CLACKAMAS COUNTY, Ore. (KOIN) — In 2020, the Riverside Fire burned more than 138,000 acres across Clackamas County. Firefighters were able to stop it on top of a ridge, three miles south of the town of George.
“One always thinks this isn’t ever going to happen to you until you start seeing these massive plumes,” said David Bugni, a resident of George.
Bugni remembers sheriff’s deputies evacuating people from their homes. There are 250 people in the town, with one road in and out.
Bugni noted “a lot of ash, a lot of smoke, and we weren’t allowed to return for almost two weeks and I think that motivated a lot of our fellow community members to get serious get engaged in a program like this.”
Bugni feels fortunate his property was saved, but he’s not relying on luck for the next time a wildfire is spreading.
The program is for grants to pay for wildfire preparedness. Bugni helped organize his neighbors and, through the Clackamas County Soil and Water Conservation District, apply for the money.
The area was awarded a grant to thin more than 4,000 acres of forests along a five-mile stretch. It comes from the Senate Bill 762, passed in 2021, it allocated $220 million dollars to modernize and improve wildfire preparedness.
The money for Bugni’s community is specifically for properties smaller than 160 acres. Another $20 million will help landowners with more than 160 acres.
“This is the first significant state investment in wildfire risk reduction in the state’s history, so it’s a really big deal in the Oregon Department of Forestry,” said Alex Rahmlow, the Small Forestland Grant Program Manager for ODF.
There are three strategies apart of the preparedness projects: creating fire-adapted communities, developing a safe and effective response, and increasing the resiliency of Oregon’s landscapes.
The project in George takes place in a forest Rahmlow says would naturally experience a fire every 20 to 40 years.
Periodic fires like that are part of the natural process in forests, but that process has been halted by society over the last 100 years.
During that time, wildland firefighting was based on the strategy of suppressing fires as quickly as possible.
“When you remove fire from a landscape for 100 years, there’s a lot of fuel that accumulates on that landscape,” Rahmlow said, “So right now, we’re playing a little bit of catch up.”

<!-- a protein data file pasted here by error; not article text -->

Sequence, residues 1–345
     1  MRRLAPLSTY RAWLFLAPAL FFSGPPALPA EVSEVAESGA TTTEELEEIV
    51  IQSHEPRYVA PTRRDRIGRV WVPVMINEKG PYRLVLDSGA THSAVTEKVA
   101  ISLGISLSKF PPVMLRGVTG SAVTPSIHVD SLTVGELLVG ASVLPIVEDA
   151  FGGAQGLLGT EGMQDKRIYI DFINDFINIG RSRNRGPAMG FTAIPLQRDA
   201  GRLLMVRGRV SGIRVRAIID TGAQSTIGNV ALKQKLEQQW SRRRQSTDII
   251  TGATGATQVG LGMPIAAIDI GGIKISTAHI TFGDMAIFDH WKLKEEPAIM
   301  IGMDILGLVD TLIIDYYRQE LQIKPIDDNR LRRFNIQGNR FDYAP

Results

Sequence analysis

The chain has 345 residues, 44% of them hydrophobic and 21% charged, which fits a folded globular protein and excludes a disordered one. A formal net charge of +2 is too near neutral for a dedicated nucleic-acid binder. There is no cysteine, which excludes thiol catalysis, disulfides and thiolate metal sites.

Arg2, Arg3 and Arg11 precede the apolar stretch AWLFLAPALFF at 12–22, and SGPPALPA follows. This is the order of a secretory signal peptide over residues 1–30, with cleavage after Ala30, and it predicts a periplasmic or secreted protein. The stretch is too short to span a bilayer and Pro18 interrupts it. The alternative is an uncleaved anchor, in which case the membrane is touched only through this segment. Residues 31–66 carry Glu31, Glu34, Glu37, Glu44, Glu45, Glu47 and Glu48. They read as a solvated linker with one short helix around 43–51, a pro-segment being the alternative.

The forests are not only denser, but drier. Recent rains have helped ease a drought that has varying levels of severity in different areas of the state, yet the most extreme categories of drought persist in Eastern Oregon.
Drought is likely to be a part of Oregon’s future as the effects of climate change impact the state’s ecosystem.
“There are more stresses on our forest ecosystem,” Rahmlow said. “Wildfire risk reduction treatments actually look a lot like forest health treatments in that they increase the resiliency of the trees that are left behind. So, really, not only reducing wildfire risk, we’re also preparing for a future that we’re pretty sure is coming.”
The company Biohabitats is contracted to do the work in the Clackamas County community. It means thinning trees and clearing brush and branches close to the ground to prevent fires from climbing to the tree canopy.
Fires can spread quickly from tree to tree in the canopy and it’s harder for crews to get to.
“When a forest fire gets into the canopy, that’s really when it becomes unmanageable for personnel to go direct on it,” Rahmlow said.
George is one of 23 projects that were granted money, with around $4.2 million given out.
But in the Governor’s Council on Wildfire Response, they found 5.6 million acres of forest across Oregon needs mitigation and thinning. Rahmlow hopes this money is a start to get mitigation projects going.
Of the trees cut near George, some of it is left on the ground to restore the natural habitat, but most of it will be donated to the Estacada Area Food Bank for people to use to heat their homes.
Rahmlow thinks there is potential to monetize the resource, to create a self-funding cycle of mitigation.
For now, it’s communities like Bugni’s that are taking the crucial first steps.
Rahmlow added “I hope that other communities like ours get serious and pull together to get involved in a program like this because that’s what’s going to be saving Oregon from what’s down the road.”